The "Strophe d'Hélinand" and John Gower.

Author/Editor
Yeager, Robert F.

Title
The "Strophe d'Hélinand" and John Gower.

Published
Yeager, Robert F. "The 'Strophe d'Hélinand' and John Gower." Cahiers de recherches médiévales et humanistes / Journal of Medieval and Humanistic Studies 36, no 2 (2018): 115-33. ISSN: 2115-6360

Review
The complex twelve-line stanza form or strophe of Mirour de l'Omme (aabaabbbabba) is acknowledged to be modeled on that of Hélinand de Froidmont's "Vers de al Mort," a poem to which Gower refers and quotes briefly in MO. Breaking new ground, Yeager argues that the poem is one Gower knew well, "in full, not in excerpt" (132), probably from a yet-to-be-discovered manuscript of Cistercian origin. According to Yeager, Gower's very choice to write MO in French, despite the official discouragement of French in the Statute of Pleading, had much to do with the "Mort," since the poem and its verse form "retained synonymity" in late fourteenth-century England with the "moral urgency of repentance and redirection of living" (133), a synonymity established by Yeager's commentary on the two other "known English examples" (121) of excerpts from the "Mort"--Oxford, Bodleian Library, Digby MS 86 and Maidstone (Kent) Museum MS A.1. However, Yeager argues, Gower "pushes far past" (121) these other two examples, using Hélinand's poem as his "guiding principle" (122) in formulating MO, exploring and developing shared themes and techniques, particularly Holy Fear and the rhetorical dimensions of strophe clustering, direct speech, and indirect speech. Yeager acknowledges as a matter of course the vital importance of other source material in MO, especially Frère Laurent's "Somme le Roi," but he demonstrates that Gower adopted and adapted the "distinctive, arresting poetic 'voice'" (126) of Hélinand's poem and its powerful strophe in creating his own French masterpiece. [MA. Copyright. The John Gower Society. eJGN 38.1.]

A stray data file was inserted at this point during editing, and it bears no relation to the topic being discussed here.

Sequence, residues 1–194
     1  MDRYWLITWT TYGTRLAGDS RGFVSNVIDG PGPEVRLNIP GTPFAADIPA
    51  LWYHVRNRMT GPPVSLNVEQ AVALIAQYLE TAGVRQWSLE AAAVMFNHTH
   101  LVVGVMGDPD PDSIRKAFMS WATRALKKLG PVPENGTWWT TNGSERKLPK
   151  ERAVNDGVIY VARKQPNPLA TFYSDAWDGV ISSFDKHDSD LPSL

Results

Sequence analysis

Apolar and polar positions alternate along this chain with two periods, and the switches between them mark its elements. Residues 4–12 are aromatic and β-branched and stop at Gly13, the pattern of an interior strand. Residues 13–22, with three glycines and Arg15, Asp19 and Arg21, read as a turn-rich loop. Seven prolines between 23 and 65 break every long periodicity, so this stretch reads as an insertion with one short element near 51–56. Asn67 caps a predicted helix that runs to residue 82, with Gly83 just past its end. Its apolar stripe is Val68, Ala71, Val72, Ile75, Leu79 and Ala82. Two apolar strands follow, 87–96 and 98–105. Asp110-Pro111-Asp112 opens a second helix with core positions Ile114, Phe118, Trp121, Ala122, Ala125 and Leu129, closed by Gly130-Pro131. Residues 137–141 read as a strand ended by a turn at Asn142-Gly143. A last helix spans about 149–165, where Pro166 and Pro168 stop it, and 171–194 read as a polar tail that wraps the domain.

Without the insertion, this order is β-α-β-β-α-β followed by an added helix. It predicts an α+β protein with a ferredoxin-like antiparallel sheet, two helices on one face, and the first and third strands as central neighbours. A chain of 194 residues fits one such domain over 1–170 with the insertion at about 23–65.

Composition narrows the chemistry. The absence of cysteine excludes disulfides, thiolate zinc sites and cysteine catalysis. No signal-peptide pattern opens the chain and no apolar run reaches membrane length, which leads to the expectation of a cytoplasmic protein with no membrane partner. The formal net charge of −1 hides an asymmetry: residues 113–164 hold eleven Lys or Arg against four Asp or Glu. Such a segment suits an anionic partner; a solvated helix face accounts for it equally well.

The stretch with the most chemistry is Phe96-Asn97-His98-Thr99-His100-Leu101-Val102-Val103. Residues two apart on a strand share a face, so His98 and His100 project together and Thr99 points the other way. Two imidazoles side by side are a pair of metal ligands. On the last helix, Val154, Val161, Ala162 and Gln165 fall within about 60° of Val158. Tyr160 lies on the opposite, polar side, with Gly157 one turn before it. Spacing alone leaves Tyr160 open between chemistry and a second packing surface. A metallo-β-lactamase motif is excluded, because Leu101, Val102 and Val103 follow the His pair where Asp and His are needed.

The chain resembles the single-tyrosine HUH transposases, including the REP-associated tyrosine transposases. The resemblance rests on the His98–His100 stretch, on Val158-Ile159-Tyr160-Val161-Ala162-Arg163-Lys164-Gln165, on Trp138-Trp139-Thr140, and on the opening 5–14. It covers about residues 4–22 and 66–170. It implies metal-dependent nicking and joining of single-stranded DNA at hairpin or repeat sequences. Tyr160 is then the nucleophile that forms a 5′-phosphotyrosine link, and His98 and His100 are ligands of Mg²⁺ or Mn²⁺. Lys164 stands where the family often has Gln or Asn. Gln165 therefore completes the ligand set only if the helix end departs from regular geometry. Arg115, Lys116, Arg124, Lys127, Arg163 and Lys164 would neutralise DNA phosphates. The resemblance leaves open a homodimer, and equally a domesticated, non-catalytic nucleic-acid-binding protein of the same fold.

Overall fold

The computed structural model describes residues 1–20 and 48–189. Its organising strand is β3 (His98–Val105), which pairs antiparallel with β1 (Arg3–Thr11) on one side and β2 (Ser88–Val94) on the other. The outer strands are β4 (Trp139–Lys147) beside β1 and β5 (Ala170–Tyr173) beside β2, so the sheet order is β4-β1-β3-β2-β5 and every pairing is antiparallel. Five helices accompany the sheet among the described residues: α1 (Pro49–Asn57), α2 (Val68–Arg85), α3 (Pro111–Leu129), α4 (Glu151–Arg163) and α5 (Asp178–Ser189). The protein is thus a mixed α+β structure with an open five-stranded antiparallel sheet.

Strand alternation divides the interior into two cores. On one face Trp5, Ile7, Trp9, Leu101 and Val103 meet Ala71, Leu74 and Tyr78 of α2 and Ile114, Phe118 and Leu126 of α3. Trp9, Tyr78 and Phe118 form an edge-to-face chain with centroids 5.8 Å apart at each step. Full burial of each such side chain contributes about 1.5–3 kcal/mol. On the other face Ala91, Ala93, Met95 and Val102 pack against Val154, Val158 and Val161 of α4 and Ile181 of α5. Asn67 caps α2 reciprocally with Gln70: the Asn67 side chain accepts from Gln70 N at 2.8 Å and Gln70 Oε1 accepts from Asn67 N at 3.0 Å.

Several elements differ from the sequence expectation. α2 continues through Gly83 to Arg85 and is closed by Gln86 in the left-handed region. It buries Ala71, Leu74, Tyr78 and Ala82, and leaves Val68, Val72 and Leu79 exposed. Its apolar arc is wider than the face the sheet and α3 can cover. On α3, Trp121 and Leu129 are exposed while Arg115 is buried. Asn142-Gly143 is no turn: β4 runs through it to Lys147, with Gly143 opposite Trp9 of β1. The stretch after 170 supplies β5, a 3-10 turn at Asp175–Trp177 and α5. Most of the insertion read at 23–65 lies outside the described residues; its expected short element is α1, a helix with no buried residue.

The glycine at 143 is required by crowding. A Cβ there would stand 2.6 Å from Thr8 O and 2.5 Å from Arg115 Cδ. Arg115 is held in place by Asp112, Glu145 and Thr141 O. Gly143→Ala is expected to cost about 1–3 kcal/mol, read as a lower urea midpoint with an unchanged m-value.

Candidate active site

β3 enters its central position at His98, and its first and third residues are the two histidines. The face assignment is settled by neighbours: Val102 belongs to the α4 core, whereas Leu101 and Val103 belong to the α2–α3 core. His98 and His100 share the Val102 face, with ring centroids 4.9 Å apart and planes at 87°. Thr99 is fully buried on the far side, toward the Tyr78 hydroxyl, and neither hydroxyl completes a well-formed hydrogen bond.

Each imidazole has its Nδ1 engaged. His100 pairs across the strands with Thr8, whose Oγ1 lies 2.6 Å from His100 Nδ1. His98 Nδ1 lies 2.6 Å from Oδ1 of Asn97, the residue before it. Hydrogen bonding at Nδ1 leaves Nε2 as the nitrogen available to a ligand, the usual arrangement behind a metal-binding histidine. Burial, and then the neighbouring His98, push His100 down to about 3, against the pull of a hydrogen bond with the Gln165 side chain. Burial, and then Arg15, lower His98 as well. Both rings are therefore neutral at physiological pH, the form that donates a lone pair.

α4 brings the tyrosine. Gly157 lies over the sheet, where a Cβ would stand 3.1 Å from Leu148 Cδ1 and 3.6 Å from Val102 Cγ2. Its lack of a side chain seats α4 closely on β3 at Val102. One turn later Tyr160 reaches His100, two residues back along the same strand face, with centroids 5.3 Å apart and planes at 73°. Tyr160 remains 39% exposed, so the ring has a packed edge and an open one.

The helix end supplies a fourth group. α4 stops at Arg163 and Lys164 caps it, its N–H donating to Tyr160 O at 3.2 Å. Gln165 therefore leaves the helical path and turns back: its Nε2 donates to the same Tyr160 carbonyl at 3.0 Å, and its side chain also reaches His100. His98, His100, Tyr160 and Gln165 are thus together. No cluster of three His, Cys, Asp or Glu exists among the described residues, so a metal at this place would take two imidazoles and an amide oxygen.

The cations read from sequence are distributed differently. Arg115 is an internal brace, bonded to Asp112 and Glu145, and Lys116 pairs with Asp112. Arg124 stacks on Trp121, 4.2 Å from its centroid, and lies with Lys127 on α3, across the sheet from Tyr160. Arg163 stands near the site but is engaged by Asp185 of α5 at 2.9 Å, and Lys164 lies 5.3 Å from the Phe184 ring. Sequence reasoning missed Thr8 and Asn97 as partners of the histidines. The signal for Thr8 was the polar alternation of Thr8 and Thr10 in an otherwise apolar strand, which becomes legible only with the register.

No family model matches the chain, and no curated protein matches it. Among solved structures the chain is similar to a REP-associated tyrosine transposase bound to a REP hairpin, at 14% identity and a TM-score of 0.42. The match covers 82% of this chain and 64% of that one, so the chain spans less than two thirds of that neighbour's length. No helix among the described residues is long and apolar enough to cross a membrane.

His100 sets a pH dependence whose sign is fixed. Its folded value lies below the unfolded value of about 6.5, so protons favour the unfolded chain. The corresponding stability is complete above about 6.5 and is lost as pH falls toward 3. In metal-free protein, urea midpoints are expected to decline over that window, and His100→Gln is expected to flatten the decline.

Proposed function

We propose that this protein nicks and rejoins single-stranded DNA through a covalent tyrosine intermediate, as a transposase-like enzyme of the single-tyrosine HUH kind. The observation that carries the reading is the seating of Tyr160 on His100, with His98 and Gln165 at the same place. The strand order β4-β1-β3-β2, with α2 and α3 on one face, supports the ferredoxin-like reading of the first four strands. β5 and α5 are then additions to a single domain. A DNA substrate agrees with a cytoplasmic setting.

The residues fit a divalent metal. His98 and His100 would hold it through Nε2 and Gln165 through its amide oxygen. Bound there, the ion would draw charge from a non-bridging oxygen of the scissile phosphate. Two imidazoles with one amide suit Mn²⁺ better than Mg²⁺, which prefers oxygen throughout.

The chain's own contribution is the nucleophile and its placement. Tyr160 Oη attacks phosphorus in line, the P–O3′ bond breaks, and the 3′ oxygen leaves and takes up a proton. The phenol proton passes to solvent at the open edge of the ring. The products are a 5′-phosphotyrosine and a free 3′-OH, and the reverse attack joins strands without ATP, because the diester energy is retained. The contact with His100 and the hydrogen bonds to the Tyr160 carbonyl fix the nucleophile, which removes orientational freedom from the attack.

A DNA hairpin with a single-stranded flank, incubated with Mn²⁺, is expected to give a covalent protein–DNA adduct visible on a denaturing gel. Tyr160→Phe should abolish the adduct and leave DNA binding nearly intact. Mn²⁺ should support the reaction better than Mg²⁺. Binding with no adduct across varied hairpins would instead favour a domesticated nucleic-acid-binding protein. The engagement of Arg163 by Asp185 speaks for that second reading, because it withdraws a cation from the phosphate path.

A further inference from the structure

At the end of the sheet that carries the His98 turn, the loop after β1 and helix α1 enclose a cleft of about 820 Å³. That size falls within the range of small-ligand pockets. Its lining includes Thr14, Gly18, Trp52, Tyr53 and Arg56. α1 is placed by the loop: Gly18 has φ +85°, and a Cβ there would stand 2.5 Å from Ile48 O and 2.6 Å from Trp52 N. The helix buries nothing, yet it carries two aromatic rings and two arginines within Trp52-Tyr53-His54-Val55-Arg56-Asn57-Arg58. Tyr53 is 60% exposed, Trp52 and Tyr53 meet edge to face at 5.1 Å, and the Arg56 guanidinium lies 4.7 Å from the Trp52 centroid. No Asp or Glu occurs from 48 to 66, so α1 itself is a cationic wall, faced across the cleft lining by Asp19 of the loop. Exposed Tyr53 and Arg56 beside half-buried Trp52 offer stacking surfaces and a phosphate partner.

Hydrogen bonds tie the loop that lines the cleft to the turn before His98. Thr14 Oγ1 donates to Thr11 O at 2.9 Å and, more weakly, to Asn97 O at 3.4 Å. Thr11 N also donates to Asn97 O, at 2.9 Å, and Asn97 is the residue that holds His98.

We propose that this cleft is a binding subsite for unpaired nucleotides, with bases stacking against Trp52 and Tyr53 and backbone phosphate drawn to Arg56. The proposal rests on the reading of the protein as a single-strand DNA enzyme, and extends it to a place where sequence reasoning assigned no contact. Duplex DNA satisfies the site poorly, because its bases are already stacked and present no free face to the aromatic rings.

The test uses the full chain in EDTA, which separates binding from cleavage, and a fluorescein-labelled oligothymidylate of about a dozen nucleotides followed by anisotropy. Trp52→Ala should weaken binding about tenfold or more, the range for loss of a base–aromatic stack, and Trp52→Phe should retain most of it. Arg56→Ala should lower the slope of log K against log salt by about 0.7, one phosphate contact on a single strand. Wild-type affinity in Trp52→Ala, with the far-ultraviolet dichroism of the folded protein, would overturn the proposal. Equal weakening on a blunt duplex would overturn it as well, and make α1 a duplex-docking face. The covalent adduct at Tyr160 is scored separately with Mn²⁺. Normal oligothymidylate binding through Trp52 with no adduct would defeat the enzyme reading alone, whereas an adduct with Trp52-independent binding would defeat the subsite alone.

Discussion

Date
2018

Gower Subjects
Mirour de l’Omme (Speculum Meditantis)
Sources, Analogues, and Literary Relations
Style and Versification